I was picking tomatoes on our small farm in north-central Kentucky when I heard the news of the September 11 attacks on the World Trade Center and the Pentagon. It took me some time before I understood that what Bob Edwards of National Public Radio was talking about was not a book or movie. I was horrified and frightened when I realized what he was describing was real, but I wasn’t surprised. It seems that I live waiting for the next awful thing to happen somewhere in the world.
Our farm sits near a small town in a world made up mostly of small places—places affected by the policies of their governments but seldom consulted or considered. This place has been my “homeland” all of my life, and my family’s for eight generations. The government that now wants to talk about “homeland security,” an obnoxious phrase, has been working at economically destroying our homeland for a good deal of that time.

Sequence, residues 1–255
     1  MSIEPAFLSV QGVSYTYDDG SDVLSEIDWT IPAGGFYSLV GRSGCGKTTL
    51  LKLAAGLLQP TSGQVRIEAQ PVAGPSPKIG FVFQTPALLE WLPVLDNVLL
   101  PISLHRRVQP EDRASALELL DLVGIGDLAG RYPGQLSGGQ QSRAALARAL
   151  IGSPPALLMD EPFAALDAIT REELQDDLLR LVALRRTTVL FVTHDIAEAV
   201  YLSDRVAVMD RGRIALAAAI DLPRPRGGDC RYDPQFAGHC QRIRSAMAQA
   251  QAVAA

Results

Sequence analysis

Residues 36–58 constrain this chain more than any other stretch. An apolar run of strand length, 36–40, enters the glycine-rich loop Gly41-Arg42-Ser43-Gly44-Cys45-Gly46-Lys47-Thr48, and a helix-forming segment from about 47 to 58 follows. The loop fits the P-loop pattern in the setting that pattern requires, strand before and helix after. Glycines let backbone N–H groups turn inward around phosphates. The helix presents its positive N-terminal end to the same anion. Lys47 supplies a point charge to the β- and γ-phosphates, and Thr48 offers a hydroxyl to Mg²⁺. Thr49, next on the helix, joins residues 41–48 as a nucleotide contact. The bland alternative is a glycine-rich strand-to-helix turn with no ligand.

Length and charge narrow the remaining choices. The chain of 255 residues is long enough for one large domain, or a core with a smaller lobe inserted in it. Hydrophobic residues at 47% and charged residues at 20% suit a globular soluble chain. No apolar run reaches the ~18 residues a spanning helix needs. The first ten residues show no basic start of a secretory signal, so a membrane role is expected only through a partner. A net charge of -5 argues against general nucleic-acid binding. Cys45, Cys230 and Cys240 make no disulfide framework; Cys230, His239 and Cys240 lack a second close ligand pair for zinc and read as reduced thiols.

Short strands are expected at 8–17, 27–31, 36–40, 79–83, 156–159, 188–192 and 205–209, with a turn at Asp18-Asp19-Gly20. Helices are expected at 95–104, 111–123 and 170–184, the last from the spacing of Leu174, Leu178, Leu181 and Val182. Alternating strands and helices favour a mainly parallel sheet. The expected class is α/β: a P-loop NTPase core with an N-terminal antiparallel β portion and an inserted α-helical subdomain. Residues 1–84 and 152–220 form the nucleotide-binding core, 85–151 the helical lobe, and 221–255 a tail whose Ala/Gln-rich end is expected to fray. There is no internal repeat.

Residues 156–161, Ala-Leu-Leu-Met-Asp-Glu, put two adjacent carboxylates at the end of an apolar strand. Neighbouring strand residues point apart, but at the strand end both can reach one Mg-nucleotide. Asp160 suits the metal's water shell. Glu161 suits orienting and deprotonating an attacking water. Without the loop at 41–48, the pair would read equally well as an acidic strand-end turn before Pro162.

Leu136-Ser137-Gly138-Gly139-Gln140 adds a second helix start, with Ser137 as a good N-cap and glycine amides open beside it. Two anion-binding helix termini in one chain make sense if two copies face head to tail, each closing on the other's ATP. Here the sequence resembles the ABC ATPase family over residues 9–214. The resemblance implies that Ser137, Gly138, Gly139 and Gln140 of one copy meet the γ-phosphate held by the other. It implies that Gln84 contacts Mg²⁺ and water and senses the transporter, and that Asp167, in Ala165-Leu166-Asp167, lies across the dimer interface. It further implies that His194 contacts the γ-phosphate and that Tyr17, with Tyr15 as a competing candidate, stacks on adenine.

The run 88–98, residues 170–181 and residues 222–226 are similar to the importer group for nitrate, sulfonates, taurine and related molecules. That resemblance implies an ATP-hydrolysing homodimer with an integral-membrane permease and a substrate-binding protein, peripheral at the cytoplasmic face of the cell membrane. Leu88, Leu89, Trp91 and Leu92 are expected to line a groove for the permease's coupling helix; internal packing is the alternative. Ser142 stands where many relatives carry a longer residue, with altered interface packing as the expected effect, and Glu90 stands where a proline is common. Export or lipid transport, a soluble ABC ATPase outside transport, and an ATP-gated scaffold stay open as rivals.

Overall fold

Because we now know what we should have known all along—that we are vulnerable to terrorist attack—maybe we are ready to think about what a secure homeland might really mean and how country places like ours might fit into it.
In a New York Times article dated October 28, 2001, Neil Harl, a professor of agriculture and economics at Iowa State University, says that “The terrorists know that the surest way to bring a country...